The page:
Daily Archives: August 30, 2014

The Sun Online and solar activity. August 30, 2014

The Sun produced several small C-class flares, originating from NOAA AR 2146, AR 2149 and AR 2152. AR 2146 has now rotated around the West limb. No Earth-directed CMEs were detected. More C-class flares are expected, with a slight chance for M-class flares. Solar wind speed values ranges between 400 and 450 km/s. The magnitude of the interplanetary magnetic field remained relatively stable around 6 to 7 nT, while Bz is fluctuating between -6 and +6 nT. Geomagnetic conditions are unsettled to active and are expected remain so for the next 48 hours, due to the influence of the increased solar wind related to the equatorial coronal hole.


The Starry Sky under Hollow Hill 

Image Credit & Copyright: Phill Round

 Look up in New Zealand’s Hollow Hill Cave and you might think you see a familiar starry sky. And that’s exactly what Arachnocampa luminosa are counting on. Captured in this long exposure, the New Zealand glowworms scattered across the cave ceiling give it the inviting and open appearance of a clear, dark night sky filled with stars. Unsuspecting insects fooled into flying too far upwards get trapped in sticky snares the glowworms create and hang down to catch food. Of course professional astronomers wouldn’t be so easily fooled, although that does look a lot like the Coalsack Nebula and Southern Cross at the upper left…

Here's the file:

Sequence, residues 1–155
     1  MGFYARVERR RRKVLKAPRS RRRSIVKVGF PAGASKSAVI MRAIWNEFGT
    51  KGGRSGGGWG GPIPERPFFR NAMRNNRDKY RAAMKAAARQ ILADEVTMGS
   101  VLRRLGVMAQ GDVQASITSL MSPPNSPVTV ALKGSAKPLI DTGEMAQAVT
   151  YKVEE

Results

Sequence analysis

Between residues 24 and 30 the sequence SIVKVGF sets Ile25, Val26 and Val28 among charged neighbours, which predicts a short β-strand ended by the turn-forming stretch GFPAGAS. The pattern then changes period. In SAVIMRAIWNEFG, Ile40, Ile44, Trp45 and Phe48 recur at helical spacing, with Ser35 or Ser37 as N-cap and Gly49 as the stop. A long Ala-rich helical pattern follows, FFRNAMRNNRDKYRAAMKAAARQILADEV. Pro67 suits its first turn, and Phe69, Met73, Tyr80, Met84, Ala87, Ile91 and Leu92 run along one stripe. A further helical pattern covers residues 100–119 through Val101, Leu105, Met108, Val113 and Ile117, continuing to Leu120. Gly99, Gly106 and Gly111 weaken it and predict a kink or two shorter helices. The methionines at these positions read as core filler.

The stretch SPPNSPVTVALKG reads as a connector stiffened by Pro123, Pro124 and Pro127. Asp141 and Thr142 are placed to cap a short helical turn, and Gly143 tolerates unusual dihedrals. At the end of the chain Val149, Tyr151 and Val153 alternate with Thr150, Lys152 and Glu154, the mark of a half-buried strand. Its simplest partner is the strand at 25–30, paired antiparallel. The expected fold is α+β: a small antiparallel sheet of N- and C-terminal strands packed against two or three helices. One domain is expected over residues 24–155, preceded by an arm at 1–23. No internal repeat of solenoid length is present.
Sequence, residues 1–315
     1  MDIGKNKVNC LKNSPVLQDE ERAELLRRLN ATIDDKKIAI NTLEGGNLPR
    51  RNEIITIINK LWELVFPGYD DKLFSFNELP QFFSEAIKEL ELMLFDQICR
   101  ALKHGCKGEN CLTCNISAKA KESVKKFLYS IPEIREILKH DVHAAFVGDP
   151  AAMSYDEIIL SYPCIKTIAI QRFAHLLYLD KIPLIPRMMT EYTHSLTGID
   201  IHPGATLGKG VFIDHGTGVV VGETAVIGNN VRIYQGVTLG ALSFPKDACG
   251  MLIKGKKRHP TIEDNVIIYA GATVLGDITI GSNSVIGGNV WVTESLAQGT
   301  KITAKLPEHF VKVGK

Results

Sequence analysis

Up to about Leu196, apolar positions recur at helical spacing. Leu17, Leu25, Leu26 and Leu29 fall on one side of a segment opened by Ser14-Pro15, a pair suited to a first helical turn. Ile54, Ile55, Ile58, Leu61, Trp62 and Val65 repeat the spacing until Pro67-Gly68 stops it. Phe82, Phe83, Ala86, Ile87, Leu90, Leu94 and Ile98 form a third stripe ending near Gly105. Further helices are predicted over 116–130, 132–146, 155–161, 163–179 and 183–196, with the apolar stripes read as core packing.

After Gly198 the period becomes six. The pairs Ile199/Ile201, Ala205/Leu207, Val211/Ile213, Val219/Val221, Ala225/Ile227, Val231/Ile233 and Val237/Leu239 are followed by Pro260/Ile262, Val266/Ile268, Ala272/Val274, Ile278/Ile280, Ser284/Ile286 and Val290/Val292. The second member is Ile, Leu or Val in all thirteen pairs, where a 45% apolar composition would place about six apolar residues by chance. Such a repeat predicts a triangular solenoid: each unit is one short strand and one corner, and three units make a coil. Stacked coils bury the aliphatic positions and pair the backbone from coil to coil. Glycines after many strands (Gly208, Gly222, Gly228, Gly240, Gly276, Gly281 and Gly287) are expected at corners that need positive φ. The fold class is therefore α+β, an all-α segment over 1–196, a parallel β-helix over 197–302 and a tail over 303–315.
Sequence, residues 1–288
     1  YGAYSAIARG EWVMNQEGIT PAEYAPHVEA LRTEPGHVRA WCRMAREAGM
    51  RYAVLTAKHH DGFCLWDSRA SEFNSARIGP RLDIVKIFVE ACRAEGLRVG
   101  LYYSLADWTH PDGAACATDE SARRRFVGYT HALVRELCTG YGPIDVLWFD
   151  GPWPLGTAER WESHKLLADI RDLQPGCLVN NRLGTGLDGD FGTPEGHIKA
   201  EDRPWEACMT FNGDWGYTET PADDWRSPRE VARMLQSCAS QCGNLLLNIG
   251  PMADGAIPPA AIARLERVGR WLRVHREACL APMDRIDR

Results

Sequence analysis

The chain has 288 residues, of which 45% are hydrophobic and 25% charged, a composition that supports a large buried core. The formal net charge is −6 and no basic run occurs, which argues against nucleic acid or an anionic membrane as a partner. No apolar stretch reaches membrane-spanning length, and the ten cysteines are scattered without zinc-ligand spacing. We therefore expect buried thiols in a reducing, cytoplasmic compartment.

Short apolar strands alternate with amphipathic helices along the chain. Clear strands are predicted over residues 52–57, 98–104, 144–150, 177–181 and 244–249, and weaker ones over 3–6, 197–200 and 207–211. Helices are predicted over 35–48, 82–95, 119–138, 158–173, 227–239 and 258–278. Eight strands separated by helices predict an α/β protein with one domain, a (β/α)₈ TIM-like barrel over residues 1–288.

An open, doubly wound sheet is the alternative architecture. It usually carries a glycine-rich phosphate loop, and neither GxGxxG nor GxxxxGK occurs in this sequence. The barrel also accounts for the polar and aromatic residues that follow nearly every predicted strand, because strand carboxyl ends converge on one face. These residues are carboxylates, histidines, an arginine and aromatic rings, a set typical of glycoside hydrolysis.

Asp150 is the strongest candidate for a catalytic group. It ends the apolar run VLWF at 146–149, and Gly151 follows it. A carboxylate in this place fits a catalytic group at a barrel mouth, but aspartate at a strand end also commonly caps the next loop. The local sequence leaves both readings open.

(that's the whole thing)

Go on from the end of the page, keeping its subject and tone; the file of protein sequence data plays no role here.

APOD NASA 30-Aug-14

M27, the Dumbbell Nebula

16b125b6a311472bac0a1376f1687a67.1824x0_q100_watermark_watermark_opacity-16_watermark_position-4_watermark_text-Copyright Stefan Westphal

The Dumbbell Nebula (also known as Apple Core NebulaMessier 27M 27, or NGC 6853) is a planetary nebula in the constellation Vulpecula, at a distance of about 1,360 light years.

This object was the first planetary nebula to be discovered; by Charles Messier in 1764. At its brightness of visual magnitude 7.5 and its diameter of about 8 arcminutes, it is easily visible in binoculars, and a popular observing target in amateur telescopes.

Imaging telescopes or lenses: Orion Optics UK SPX 250
Imaging cameras: Canon 20Da
Mounts: Vixen New Atlux + Skysensor 2000
Guiding telescopes or lenses: Orion Optics UK SPX 250
Guiding cameras: M-Gen Guiding Kamera
Focal reducers: GPU Komakorrektor
Software: Adobe Photoshop CS2, DSS, Fitswork
Accessories: Lacerta MGEN2, Lacerta OAG
Dates: Sept. 6, 2013
Locations: Kreben
Frames: 44×360″ ISO800
Integration: 4.4 hours
Darks: ~20
Flats: ~11

Author: Stefan Westphal
AstroPhotography of the day by SPONLI 30 Aug 2014